But then that immediately raises a question in my head. Why should WE pay for something our ancestors have done? I mean, we acknowledge that part of history and that they were bad.. but isn't this something like saying the great grandchildren of the nazis should still pay for the mistakes of their ancestors?

Because the mistakes of our ancestors are still having a lasting effect on the descendants of those discriminated against. Someone posted the "Case for Reperations" which is an excellent article and points out all the ways that blacks have been discriminated against throughout the US's history. It wasn't just slavery and Jim Crow in the South. It was redlining in the North which meant that blacks missed out on the largest accumulation of wealth in post-WW2 America. The War on Drugs and the mass incarceration of young black males is another example. Discrimination still occurs due to the mistakes of our ancestors.


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Old 08-20-2014, 01:37 PM   #100
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Originally Posted by AEON View Post
I will try to set aside the alarms the immediately go off when I read the title...I will do my best to remain objective. If it's that long of an article, I may not get to it until later.
Please do. It really is worth the time.
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Old 08-20-2014, 03:51 PM   #101
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I am by no means an expert on this but it is my impression that reparations are generally supported by a small number of fringe factions and not really seen as a viable solution. What may be more viable is some sort of financial assistance, nation-to-nation. The thought there is that countries which have a colonial history of oppression and profit are partly where they are due to that profit, and consequently should repatriate some of it or maybe provide favourable loans or trade agreements to these nations, etc. These are complex issues and I haven't really had the time or inclination to think them through completely, just wanted to point out that generally most serious and educated people aren't talking about YOU compensating some individual across the world, but some indirect ways in which reparations could take place.
I understand that, the whole economical aspect makes sense. But why do they want our government to apologize to their people, when this government has done nothing to them? That's what I don't get. What difference does it make, the people who did wrong still did wrong, we can't change that. We've already expressed our disagreement and everything, wouldn't an apology from someone who had nothing to do with it be insincere?


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Because the mistakes of our ancestors are still having a lasting effect on the descendants of those discriminated against. Someone posted the "Case for Reperations" which is an excellent article and points out all the ways that blacks have been discriminated against throughout the US's history. It wasn't just slavery and Jim Crow in the South. It was redlining in the North which meant that blacks missed out on the largest accumulation of wealth in post-WW2 America. The War on Drugs and the mass incarceration of young black males is another example. Discrimination still occurs due to the mistakes of our ancestors.


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Yes, they have a lasting effect... but that still doesn't explain what our involvement is. It's something our ancestors did that they still feel, not something our generation did. Instead of them blaming us, shouldn't we be working together to fix things, rather than stay focussed on the past?
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Old 08-20-2014, 04:35 PM   #102
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You could say we are responsible for the maintenance of a status quo that does still lasting harm to that group of people. We may have gotten rid of the laws and all the overt stuff from discrimination, but when we don't do anything to improve the position they have been left in, we are complicit by are lack of action. The world is skewed to be beneficial to white western people, we don't like rocking that boat.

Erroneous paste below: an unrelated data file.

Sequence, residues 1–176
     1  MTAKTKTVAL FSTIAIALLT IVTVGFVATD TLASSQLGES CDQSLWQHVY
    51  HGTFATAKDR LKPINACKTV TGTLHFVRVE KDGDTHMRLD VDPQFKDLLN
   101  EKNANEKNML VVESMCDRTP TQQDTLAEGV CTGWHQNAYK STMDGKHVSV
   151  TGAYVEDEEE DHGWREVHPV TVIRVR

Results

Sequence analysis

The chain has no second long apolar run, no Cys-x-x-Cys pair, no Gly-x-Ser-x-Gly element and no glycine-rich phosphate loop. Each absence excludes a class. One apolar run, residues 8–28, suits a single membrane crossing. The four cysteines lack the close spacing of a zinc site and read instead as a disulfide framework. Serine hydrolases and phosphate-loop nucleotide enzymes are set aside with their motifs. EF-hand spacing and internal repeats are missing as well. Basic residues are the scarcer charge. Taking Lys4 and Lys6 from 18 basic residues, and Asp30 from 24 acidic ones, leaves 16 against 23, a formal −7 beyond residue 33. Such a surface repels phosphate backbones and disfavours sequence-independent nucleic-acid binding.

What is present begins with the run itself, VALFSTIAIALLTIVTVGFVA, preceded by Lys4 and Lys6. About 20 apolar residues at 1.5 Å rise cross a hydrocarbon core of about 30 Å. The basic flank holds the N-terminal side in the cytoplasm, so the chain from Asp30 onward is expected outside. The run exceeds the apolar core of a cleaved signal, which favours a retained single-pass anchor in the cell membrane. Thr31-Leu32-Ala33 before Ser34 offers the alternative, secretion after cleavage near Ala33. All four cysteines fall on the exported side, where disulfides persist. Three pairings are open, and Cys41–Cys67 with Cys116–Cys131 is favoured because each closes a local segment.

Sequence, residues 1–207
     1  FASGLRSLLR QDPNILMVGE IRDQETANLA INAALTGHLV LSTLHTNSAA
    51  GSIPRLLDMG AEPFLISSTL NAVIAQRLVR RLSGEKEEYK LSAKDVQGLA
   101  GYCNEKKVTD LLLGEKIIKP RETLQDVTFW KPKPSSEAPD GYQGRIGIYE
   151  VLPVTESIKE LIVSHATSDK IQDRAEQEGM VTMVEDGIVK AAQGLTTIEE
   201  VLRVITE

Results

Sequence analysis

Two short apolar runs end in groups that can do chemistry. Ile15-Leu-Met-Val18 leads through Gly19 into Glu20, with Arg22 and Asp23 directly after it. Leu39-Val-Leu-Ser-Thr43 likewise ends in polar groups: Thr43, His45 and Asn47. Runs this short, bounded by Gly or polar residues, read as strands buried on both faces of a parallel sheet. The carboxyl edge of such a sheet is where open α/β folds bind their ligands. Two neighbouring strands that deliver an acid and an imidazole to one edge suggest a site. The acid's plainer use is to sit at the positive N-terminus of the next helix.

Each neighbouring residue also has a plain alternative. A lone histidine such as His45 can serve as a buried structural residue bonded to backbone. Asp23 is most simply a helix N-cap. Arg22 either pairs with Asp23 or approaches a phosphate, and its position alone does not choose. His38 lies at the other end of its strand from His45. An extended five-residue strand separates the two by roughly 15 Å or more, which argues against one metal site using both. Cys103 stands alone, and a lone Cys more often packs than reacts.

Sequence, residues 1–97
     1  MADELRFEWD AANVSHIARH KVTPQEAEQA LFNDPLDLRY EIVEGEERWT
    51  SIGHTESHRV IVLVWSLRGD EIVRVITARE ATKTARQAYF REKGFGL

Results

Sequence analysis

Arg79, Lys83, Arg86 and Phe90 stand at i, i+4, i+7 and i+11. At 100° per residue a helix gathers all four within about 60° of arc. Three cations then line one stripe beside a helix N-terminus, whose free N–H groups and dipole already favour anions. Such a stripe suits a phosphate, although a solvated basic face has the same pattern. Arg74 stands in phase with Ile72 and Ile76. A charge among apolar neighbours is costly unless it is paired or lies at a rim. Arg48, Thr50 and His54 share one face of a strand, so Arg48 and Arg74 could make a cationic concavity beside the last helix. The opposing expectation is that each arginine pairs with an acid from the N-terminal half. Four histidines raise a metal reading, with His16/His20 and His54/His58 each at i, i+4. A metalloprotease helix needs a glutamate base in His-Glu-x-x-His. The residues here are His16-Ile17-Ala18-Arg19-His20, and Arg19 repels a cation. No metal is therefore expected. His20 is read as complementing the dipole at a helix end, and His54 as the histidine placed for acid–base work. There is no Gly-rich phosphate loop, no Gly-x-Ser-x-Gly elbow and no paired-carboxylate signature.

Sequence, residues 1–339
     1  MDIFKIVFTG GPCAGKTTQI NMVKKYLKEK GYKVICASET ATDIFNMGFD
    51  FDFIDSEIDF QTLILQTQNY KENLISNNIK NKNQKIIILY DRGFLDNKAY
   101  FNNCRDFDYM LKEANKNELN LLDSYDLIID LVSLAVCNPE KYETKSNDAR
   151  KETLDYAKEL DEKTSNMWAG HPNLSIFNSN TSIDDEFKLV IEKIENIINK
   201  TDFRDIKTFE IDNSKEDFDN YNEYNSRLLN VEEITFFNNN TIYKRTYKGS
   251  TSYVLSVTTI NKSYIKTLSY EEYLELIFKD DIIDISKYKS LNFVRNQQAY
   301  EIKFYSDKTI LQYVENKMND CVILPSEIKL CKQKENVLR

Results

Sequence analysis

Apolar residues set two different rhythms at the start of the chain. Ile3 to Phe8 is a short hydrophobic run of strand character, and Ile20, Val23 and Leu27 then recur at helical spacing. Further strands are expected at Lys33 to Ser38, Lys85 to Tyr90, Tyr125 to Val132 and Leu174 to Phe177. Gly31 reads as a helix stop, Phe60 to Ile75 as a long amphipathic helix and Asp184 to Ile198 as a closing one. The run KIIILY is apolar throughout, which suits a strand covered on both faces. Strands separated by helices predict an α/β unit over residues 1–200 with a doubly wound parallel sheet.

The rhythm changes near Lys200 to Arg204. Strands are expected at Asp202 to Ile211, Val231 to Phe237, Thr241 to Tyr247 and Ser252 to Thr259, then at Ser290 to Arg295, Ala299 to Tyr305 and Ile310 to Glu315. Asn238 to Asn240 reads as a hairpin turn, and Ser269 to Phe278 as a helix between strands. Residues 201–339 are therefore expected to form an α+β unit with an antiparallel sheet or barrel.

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Old 08-20-2014, 05:06 PM   #103
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The world is skewed to be beneficial to white western people, we don't like rocking that boat.
I would agree that is true in the mostly white Western Civilization (which wouldn't be too difficult to expect to some degree). However, there's quite a few people living in the East that impact the globe as well. Once could argue that the Chinese use "slavery-lite" today to gain wage advantage.
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Old 08-20-2014, 05:32 PM   #104
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Originally Posted by LJT View Post
You could say we are responsible for the maintenance of a status quo that does still lasting harm to that group of people. We may have gotten rid of the laws and all the overt stuff from discrimination, but when we don't do anything to improve the position they have been left in, we are complicit by are lack of action. The world is skewed to be beneficial to white western people, we don't like rocking that boat.

Couldn't have said it better myself. Many of us are working to end policies such as the War on the Drugs and other forms of structural racism, but many others think that because there is no more overt discrimination, racism is over. It's not and we need to work to improve the lives of groups that have been affected by racial discrimination, both in the past and present. Reparations are part of that.


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Old 08-20-2014, 06:52 PM   #105
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Did your students understand the point you were trying to make?

Actually,
what is the point that you're trying to make?

These were 7th graders. At first they did not and were puzzled, all of them.
They all thought that only blacks had been subjected to slavery. They also thought that it had only occurred in the U.S.


Once into the discussion they were shocked to realize it was still being practiced in some parts of the world.

After the talking, I turned them loose on the computers to search and learn more.

The point I was trying to get across is that we are all human and we all have much in common.